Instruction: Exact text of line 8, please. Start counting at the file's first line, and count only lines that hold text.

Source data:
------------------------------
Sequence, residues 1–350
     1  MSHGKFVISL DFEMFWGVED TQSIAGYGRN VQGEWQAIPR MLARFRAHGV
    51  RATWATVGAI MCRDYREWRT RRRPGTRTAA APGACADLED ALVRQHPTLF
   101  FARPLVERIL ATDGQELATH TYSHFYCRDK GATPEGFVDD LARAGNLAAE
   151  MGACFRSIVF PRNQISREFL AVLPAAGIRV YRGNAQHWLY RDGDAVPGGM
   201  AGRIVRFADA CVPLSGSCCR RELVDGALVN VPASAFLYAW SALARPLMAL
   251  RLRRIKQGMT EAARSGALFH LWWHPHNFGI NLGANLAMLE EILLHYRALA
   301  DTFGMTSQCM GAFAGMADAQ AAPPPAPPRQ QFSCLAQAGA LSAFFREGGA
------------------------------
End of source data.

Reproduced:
   301  DTFGMTSQCM GAFAGMADAQ AAPPPAPPRQ QFSCLAQAGA LSAFFREGGA